The first ever Shuttle mission to fly with an official rating of “unacceptable risk”, STS-121 will debut a concept that will allow Discovery to land herself in an STS-300 “Safe Haven” scenario.
The Autonomous Orbiter Rapid Prototype (AORP) is a modification that matured to full RCO (Remote Control Orbiter) – which allows the orbiter to complete the final landing procedures that currently require human intervention.
The concept, which was completed as far back as 2004 – possibly as part of NASA’s post Columbia (STS-107) review process – is officially classed ‘…to develop a design for a system to enable autonomous landing of the Orbiter in the event a ‘Safe Haven’ of the crew was declared.’ It is also known as the Remote Controlled Orbiter IFM cable.
To record, the only orbiter that has completed an unmanned landing came during the one and only flight of the Soviet Shuttle orbiter Buran, although her flight – which was fully unmanned from launch to landing – employed a very complex style of remote control, unlike the AORP.
The NASA system is a simple ‘box of tricks’ that will take over the human interaction with Discovery’s GPC (General Purpose Computers) via electrical cables plugged her into the flight deck panels, allowing for Air Data Probe Deploy, Landing Gear Deploy, and deployment of the Drag Chute to be commanded via the AORP.
The AORP would be used in a scenario where an orbiter has suffered damage on ascent. Once the undesirable call has been made by Shuttle managers on the ground, Discovery’s crew would take up the ‘safe haven’ of the International Space Station (ISS).
While Atlantis would be prepared for her LON (Launch On Need) rescue mission, known as STS-300, to bring the crew home from the ISS, Discovery would have the box installed, before being commanded to undock from the station, to make way for the subsequent arrival of her sister.
Previous plans involved the damaged orbiter to de-orbit into a watery grave in the Pacific Ocean, but now she’ll have a fighting chance to return home in one piece, without risking the lives of her crew.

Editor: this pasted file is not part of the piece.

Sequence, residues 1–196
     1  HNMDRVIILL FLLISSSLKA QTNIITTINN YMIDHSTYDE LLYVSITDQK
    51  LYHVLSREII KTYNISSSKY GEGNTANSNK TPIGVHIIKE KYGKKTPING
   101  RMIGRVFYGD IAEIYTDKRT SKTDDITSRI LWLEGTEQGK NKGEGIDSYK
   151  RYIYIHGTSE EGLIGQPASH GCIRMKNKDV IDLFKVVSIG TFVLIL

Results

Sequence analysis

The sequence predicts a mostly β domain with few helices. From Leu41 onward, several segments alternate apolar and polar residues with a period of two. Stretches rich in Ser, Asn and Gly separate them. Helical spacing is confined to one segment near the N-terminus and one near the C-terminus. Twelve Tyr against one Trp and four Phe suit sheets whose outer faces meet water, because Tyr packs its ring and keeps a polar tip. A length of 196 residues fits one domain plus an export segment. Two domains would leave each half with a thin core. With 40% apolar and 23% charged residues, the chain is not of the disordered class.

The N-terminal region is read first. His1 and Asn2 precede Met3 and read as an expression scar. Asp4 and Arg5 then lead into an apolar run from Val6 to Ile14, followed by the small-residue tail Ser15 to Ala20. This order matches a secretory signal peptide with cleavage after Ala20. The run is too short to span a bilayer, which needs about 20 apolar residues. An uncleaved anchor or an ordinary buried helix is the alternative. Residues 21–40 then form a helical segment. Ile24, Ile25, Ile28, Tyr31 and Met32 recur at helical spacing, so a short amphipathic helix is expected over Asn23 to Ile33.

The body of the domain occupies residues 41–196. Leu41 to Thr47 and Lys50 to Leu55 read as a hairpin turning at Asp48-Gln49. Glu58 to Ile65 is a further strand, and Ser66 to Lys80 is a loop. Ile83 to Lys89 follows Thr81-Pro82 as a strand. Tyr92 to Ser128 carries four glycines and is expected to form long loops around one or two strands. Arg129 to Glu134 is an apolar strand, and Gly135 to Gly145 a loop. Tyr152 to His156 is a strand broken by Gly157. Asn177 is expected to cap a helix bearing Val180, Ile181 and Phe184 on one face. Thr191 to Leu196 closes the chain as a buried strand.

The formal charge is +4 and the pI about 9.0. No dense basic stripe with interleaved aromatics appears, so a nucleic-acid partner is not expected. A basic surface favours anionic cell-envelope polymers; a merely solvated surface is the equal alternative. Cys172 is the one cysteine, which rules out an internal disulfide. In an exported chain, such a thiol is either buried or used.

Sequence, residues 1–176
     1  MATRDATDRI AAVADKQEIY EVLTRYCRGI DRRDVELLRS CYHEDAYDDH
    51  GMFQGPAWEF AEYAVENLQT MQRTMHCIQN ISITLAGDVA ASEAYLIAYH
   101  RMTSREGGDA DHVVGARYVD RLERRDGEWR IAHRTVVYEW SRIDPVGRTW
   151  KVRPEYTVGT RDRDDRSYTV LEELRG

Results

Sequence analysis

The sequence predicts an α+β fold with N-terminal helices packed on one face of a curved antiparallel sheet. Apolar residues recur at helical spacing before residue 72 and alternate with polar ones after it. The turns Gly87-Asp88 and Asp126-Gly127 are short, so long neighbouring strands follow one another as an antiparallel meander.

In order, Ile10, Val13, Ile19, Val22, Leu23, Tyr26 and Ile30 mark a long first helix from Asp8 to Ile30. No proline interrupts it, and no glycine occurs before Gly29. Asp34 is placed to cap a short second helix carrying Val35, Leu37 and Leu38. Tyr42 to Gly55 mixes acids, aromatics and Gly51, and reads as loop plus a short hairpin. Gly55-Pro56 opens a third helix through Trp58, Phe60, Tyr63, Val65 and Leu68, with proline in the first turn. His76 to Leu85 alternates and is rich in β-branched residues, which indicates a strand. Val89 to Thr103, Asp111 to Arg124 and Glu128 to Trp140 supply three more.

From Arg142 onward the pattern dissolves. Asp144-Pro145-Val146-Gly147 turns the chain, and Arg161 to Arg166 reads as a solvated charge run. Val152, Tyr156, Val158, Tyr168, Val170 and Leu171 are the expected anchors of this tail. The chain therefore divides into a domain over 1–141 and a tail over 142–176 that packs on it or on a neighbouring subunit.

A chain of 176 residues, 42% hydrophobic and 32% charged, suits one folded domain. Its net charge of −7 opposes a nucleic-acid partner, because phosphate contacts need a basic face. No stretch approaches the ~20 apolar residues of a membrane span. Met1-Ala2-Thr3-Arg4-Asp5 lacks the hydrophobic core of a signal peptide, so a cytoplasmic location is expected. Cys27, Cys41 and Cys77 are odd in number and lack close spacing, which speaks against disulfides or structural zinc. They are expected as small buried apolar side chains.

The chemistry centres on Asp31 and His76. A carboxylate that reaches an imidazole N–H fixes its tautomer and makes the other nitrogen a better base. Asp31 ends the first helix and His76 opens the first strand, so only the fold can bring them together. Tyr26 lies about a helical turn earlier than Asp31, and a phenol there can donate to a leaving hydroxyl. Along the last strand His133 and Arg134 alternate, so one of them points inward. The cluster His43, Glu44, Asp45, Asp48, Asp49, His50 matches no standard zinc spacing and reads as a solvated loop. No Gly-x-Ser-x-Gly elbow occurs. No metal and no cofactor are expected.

This is not only a desirable option to save a couple of billion dollars worth of tax payers money being sent to the bottom of the ocean, it is also a welcomed option for those that work with – and care for – the orbiters, many of whom openly class their beloved orbiters as part of the NASA family.
Due to an STS-300 scenario deeming Discovery to be at risk of disintegrating on re-entry, Flight Directors will likely have the option of waving off the return of Discovery – almost certainly to Edwards Air Force base in California — if she had controllability issues during re-entry. That would lead to a ditching in the ocean.
The role of the Flight Directors at the Johnson Space Center in such an unmanned re-entry and landing will be crucial, as they help guide the orbiter back home in a never previously attempted scenario.
Should she make it home, AORP would not only allow for Discovery to be saved, but the data gained from her risky return would prove to be invaluable for any future assessment on a damaged orbiter’s ability to survive – where Columbia failed during her ill-fated re-entry in 2003.
While this extra capability is simple – and more so an obvious step for Shuttle managers to take – NASA has been very tight lipped on making the media and public aware of AORP’s existence.
Back in February, NASASpaceflight.com asked NASA PAO’s Kyle Herring about this modification’s status, to which he commented: ‘The capability currently does not exist for the shuttle to return to earth uncrewed, but there is some engineering work ongoing that potentially might provide the technical capability at some time in the future.’
However, upon learning of the AORP Project was completed October 2004, both the United Space Alliance PAO Tracy Yates and the modification’s named contact, Johnson Space Center’s Michael T Garske, said they were unable to comment – and recommended inquiring to NASA PAO. A request for information, sent five days ago (to NASA PAO) prior to this publication, has not received a response.
While NASA may be wary of the media twisting this modification as a potential concern NASA has over the remaining flights of the Shuttle, the extra capability of the orbiters through AORP should be seen as encouraging.
AORP could also prove useful during emergency scenarios – such as an incapacitated crew on the flight deck – during the final stages of landing, in which an orbiter has only one chance to complete its landing.
Noting back to Buran’s unmanned landing, lessons can be learned by saving an orbiter from a simple ditching. Buran herself managed to make it back to the Baikonur Cosmodrome in Kahazstan, even after serious in-flight damage.
So serious was the damage, it was unlikely she would have flown again – especially given the cost of the repair work. Buran, sadly, was later destroyed when her hanger roof collapsed on top of her, due to the weight of heavy snow.
**Resource: Buran Historical Pages**